Psychology is concerned with all aspects of behaviour and the thoughts, feelings and motivations which are behind the things we do. 

 

What do psychologists do?

  • Psychologists can help people talk about their problems. This is necessary to help patients understand the problems they have.
  • They can then offer psychological therapies that have been proved to help people with self-improvement.
  • Seeing a psychologist can be emotional. It might feel worse at the beginning but with help patients should start to feel better.
  • At times patients could be feeling very sad, angry, worried, scared or might not know how they feel. Psychologists can help them understand these feelings.
  • It might also feel upsetting to think about difficult things, but then working with a psychologist could help patients feel better.
  • Psychologists are a part of a care team and work with psychiatrists, junior doctors, social workers, nursing staff, occupational therapists, as well as speech and language therapists.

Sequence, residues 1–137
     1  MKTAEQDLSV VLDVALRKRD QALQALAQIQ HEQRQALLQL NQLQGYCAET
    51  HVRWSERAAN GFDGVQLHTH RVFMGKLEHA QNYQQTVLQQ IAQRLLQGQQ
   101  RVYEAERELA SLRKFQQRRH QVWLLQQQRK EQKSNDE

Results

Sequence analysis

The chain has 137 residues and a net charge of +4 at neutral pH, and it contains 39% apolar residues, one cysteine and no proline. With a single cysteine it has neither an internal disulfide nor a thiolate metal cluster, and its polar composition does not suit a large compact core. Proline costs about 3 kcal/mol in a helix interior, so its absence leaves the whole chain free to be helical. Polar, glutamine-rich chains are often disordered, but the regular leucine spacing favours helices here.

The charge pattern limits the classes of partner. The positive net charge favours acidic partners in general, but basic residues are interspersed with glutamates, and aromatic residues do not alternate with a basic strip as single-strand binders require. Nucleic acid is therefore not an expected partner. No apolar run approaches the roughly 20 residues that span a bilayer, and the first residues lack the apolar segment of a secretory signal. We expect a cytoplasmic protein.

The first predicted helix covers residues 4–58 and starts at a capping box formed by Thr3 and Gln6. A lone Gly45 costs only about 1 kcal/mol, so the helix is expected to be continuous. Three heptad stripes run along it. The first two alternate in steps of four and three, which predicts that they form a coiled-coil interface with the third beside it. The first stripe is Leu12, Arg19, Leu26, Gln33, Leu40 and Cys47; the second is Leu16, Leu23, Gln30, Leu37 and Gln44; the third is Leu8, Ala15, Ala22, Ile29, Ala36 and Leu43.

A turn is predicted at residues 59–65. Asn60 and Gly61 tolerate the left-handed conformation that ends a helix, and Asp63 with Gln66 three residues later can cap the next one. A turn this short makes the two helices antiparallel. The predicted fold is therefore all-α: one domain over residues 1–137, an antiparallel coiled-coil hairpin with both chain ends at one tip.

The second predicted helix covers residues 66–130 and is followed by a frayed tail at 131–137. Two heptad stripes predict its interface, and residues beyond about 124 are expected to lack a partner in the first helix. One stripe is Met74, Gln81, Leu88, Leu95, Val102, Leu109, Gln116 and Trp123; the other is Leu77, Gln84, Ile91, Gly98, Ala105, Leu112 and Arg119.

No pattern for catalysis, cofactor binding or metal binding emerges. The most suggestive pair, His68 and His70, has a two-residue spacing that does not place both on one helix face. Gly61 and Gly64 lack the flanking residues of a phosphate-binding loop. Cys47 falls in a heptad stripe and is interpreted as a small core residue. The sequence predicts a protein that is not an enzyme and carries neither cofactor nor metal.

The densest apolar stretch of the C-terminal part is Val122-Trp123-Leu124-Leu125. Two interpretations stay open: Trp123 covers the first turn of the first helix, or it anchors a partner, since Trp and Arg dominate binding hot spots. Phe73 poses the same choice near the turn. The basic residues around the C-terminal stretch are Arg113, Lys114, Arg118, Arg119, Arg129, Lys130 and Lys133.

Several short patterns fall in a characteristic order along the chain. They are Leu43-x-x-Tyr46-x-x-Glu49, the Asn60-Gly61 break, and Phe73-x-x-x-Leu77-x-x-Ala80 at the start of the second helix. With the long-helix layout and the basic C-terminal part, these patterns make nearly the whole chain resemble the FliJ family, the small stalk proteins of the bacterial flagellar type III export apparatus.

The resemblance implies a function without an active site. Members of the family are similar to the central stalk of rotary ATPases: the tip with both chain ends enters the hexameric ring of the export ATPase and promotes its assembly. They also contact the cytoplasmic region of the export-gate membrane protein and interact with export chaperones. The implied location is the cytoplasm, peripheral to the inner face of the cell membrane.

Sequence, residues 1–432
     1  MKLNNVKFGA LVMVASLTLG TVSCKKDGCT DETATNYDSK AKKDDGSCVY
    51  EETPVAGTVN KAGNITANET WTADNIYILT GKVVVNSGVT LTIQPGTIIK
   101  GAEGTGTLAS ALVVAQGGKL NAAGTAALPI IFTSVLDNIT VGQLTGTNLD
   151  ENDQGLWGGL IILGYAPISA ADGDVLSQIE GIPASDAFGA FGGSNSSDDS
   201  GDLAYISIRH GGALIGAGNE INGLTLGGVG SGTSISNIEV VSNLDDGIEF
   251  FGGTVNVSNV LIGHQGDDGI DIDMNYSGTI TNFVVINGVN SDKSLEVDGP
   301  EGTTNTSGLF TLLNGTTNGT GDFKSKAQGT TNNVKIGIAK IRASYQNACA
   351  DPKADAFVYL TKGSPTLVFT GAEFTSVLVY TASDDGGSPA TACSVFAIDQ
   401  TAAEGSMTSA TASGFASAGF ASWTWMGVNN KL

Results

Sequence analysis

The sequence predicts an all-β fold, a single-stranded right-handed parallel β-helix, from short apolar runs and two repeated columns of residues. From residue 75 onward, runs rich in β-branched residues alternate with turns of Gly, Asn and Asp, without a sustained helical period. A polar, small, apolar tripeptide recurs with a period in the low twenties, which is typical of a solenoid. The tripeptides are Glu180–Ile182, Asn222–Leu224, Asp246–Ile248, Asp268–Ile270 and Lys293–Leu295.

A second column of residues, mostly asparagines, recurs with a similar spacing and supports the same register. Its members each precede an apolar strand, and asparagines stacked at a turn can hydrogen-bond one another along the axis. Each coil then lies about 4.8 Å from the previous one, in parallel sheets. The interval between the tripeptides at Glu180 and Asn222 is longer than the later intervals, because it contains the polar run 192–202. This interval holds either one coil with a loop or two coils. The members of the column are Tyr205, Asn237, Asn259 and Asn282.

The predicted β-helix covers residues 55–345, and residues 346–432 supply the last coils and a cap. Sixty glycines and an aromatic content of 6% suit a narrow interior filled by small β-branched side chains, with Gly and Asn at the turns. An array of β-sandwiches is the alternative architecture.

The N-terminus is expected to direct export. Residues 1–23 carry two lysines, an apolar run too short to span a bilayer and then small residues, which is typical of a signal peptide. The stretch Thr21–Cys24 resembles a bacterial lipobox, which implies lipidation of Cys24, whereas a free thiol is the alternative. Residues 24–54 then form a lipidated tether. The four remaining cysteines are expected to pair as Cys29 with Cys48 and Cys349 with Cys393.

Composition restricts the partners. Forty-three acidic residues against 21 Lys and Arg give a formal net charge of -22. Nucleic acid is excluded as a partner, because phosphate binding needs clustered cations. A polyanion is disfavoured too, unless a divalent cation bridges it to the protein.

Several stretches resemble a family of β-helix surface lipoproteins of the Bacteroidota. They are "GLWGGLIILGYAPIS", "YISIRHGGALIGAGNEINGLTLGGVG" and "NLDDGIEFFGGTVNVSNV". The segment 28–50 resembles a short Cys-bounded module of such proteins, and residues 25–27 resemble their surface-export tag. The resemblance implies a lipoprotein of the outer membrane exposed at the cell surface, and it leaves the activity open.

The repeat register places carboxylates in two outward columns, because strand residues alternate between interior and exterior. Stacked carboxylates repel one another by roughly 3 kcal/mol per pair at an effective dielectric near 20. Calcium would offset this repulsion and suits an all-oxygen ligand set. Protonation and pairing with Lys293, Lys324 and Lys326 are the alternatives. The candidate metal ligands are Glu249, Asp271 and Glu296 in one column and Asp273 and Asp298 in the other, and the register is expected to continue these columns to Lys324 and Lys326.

• At times the psychologist will talk to other staff members who know a patient well, so that they can offer them the best care.

 

Working with psychologists

Psychologists use different ways of helping people.

Sometimes patients will talk to a psychologist about things that happened in the past, things that are happening now and what you hope for in the future.

Sometimes they will help patients to understand why they have difficult thoughts and feelings to give them the skills to cope in a positive and productive way, to avoid future hospital stays and reoffending.

The main ways patients work with the psychology team are:

  • Individual sessions
  • Group work with other patients on and off the ward.

Some of the treatment the psychology team can offer look at:

  • Understanding diagnoses
  • Developing problem solving skills
  • Dealing with feelings
  • Feeling good
  • Coping with change
  • Social difficulties and relationships
  • Help with offending behaviours.
  •  

What happens when someone sees a psychologist?

A member of the psychology team will usually make an appointment to see the patient in a quiet room on their ward.

The psychologist will introduce themselves and tell the patient about the purpose of their visit. During the first appointment the psychologist will ask the patient questions or help them to complete some questionnaires. They will suggest the right treatment and make recommendations to the staff team.